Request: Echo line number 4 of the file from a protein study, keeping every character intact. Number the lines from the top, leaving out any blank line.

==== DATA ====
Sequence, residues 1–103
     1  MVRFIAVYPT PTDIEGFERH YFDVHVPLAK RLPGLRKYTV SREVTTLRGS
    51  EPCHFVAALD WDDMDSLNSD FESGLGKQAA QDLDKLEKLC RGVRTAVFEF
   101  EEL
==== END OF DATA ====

   101  EEL